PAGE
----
Python

Pandas Concatenate Two DataFrames

The information we need often appears in numerous sources in real-world scenarios. To evaluate the statistics, we frequently require the integration of multiple files into one uniform DataFrame. With the help of Pandas, it is possible to quickly combine the Series as well as the DataFrame with the different types of predefined logic for the indexes plus relational algebra capabilities for the join and merge-type functions. Additionally, Pandas have tools that allow you to compare two Series or Dataframes and list any variances. You might require combining the data using a variety of approaches. For instance, you may concatenate the datasets to merge them. Concatenating the datasets may be done in a variety of methods.

Concatenation actions across the axis are handled by the concat() method and the additional setting logic for the indices on adjacent planes is also performed. We must consider certain selections while concatenating or appending the Dataframes. Such choices could involve things like if we want to keep the original indices, add more beneficial keys, and more.

Utilizing the Pandas concatenate method requires the following syntax:

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We have a shed load of numerous settings at our disposal with this method to further tailor the concatenation of the data. You won’t necessarily need to entirely comprehend each of these in order to navigate. Nevertheless, it’s important to be aware of their existence as well as whatever they perform if your use case demands them.

Example 1: Concatenate Similar Columns of Two DataFrames Using Pandas Concatenate Function

The most simple and easiest example to start with is to concatenate the same columns of the two different DataFrames.

As we know, working with Python’s Pandas module requires the import of the Pandas library. So, we begin our practical implementation of the example codes by importing the Pandas library in Python as pd.

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Once done, we are now ready to start working on our main script as the Pandas features are currently accessible to us.

We then create our foundational DataFrames. We need two Dataframes here as we have to perform the concatenation.

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The variables “d1” and “d2” were generated and are shown in the given example. We utilized the Pandas DataFrame function to construct the DataFrames. The pd.DataFrame() method is invoked. Inside its braces, we have given it 2 values – id and name. The values for both columns of the DataFrames are assigned. We employed the Print() method to display both the DataFrames d1 and d2.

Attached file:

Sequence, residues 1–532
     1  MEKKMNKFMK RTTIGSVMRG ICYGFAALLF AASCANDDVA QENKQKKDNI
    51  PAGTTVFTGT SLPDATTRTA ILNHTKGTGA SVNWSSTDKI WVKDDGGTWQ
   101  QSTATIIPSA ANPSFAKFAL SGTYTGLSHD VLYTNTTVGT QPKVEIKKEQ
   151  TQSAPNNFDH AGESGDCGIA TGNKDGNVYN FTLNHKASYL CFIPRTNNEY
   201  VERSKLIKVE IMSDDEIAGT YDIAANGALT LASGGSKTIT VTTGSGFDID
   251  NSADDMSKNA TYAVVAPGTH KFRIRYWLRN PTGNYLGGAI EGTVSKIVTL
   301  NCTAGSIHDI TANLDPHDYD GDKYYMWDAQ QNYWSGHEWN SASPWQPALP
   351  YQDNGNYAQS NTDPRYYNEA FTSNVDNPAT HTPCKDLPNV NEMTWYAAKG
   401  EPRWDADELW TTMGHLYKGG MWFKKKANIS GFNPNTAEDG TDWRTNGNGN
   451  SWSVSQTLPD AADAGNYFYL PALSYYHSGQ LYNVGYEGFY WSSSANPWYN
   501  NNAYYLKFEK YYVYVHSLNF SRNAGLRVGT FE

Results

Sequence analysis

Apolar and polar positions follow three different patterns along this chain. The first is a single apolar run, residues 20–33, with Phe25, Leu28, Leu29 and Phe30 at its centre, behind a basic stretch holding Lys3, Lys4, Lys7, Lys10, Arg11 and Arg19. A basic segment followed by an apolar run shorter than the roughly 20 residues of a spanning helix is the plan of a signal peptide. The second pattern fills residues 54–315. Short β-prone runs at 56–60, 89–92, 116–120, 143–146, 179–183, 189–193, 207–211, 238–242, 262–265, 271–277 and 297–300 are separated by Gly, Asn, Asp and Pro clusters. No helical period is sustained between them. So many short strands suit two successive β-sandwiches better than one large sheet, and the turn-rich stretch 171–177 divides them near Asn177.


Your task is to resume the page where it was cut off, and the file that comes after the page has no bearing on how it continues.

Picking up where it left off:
The following output image shows 2 DataFrames with the same columns:

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We successfully created our DataFrames. The next step is to concatenate them. For this purpose, we employ the Pandas concatenate method – pd.concate(). This method merges the data of the same columns of both the DataFrames d1 and d2.

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We constructed a variable “con_output” which stores the result of invoking the pd.concat() function. You only need to supply the pd.concat() function with the objects that you wish to concatenate so the list of variables can be simply passed in. Considering this, we can enter the [d1, d2]. Make sure that if you are directly putting the list inside the pd.concate() function, you have to use the “[]” brackets. Otherwise, it gives an error prompt. We hen invoke the Print() method and passe it the “con_output” variable to display whatever we stored in it.

The concatenated DataFrames containing the similar columns are obtained by running the aforementioned program.

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The DataFrames are merged like they were since we did not put in any parameters. Due to these factors, the actual indices settings are included. The index may occasionally require an adjustment. The ignore index=True parameter can be utilized to do this.